KHARTOUM (Reuters) - Darfur rebels said on Sunday they had shot down two Sudanese army helicopters in the latest reports of fighting that have marred faltering peace talks between Khartoum and other insurgents.
Sudan’s army said two if its helicopters crashed after developing technical problems, but denied there was any attack.
“Government forces attacked our positions in South Darfur yesterday (Saturday),” Ibrahim al-Helwu, from the rebel Sudan Liberation Army (SLA) told Reuters, speaking by telephone from Paris.
“Our forces shot down two of their helicopters — one crashed at the site and the other came down on its way back to Nyala (South Darfur’s capital). The government says the war is over but this is just propaganda.”
The SLA was one of two rebel groups that took up arms against Sudan’s government in 2003, accusing Khartoum of neglecting the mostly desert western region.
The insurgents’ Paris-based leader Abdel Wahed Mohamed al-Nur is refusing to negotiate with Khartoum, and dismissed a ceasefire signed last month between Sudan’s government and Darfur’s insurgent Justice and Equality Movement (JEM).
The SLA has reported regular army attacks on its positions in the central Jabel Marra region since Khartoum inked its deal with the militarily more powerful JEM in February. Aid groups say thousands have been displaced by clashes in the area.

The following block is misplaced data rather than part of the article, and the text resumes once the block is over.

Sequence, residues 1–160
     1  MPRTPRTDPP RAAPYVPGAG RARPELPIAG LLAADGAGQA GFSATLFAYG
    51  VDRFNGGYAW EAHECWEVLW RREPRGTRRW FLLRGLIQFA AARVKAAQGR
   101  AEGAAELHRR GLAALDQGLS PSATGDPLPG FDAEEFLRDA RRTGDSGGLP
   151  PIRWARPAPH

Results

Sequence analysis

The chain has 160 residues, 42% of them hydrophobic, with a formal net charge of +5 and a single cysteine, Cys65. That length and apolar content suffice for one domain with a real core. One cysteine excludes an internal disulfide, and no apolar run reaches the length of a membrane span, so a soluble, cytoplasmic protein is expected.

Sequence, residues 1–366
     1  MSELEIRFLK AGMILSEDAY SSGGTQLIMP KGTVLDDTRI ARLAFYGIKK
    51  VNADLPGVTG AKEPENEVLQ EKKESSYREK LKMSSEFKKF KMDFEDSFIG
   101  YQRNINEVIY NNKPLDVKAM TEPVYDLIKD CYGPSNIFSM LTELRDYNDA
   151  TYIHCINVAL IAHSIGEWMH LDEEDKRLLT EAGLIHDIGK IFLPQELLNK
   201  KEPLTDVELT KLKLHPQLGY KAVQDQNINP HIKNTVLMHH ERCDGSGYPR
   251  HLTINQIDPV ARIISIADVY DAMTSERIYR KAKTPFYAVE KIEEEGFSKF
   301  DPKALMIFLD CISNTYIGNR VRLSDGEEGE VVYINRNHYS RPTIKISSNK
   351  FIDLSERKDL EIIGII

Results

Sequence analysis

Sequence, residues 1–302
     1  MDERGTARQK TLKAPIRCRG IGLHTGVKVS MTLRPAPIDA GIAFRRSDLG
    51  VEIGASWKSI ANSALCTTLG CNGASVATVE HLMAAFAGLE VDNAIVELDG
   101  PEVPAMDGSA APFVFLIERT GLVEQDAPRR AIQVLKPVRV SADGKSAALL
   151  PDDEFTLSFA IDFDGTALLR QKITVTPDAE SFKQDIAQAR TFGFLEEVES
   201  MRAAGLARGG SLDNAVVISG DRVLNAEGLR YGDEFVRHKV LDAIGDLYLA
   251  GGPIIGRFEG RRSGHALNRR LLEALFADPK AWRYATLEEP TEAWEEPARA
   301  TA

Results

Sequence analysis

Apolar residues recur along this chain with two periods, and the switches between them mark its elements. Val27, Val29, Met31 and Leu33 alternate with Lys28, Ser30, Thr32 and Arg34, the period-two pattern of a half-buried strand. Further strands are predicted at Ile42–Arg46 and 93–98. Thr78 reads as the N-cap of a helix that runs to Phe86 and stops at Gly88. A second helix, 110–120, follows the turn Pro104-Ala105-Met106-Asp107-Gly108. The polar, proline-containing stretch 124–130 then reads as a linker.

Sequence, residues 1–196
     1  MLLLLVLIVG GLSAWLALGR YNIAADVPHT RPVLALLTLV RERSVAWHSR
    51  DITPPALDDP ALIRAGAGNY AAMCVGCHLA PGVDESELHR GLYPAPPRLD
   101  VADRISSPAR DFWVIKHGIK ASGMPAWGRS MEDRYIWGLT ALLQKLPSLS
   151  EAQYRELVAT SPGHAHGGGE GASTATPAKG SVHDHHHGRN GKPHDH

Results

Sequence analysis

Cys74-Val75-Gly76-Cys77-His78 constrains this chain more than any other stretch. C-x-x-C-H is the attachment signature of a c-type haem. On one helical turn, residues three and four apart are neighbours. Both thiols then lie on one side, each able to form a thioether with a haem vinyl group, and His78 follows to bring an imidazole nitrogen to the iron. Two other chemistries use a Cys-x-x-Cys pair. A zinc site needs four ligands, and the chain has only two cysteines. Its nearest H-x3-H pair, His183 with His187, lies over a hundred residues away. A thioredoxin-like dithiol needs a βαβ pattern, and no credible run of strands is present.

Sudan’s army spokesman Al-Sawarmi Khaled dismissed the rebel report, saying the SLA was the second insurgent force to try to take credit for the accident.
“The helicopters crashed because of technical problems. No person damaged them. Nobody targeted them,” he told Reuters.
In a separate statement to state news agency Suna, Khaled said one helicopter developed a fault as it was flying low in the Shattaya area, between the towns of Kas and Nyala.
The engine of the second helicopter caught fire after sand got in as it tried to rescue the first crew, the statement said. No one was injured, Khaled added.
Further peace discussions between JEM and Sudan’s government, hosted in the Qatari capital Doha, have stalled since the February ceasefire.
Sudanese government negotiator Amin Hassan Omer criticized JEM, telling journalists in Khartoum on Saturday it was not serious about the talks.
“The movement is not committed to the release of government prisoners ... It has breached the ceasefire it signed in Doha,” he said.
JEM official Al-Tahir al-Feki told Reuters the discussions had reached “stalemate.” The rebel group is insisting Sudan delay April presidential and legislative elections, saying they would be a farce while the conflict continues.
Khartoum has so far refused to budge on the vote date.
Reporting by Andrew Heavens and Khaled Abdelaziz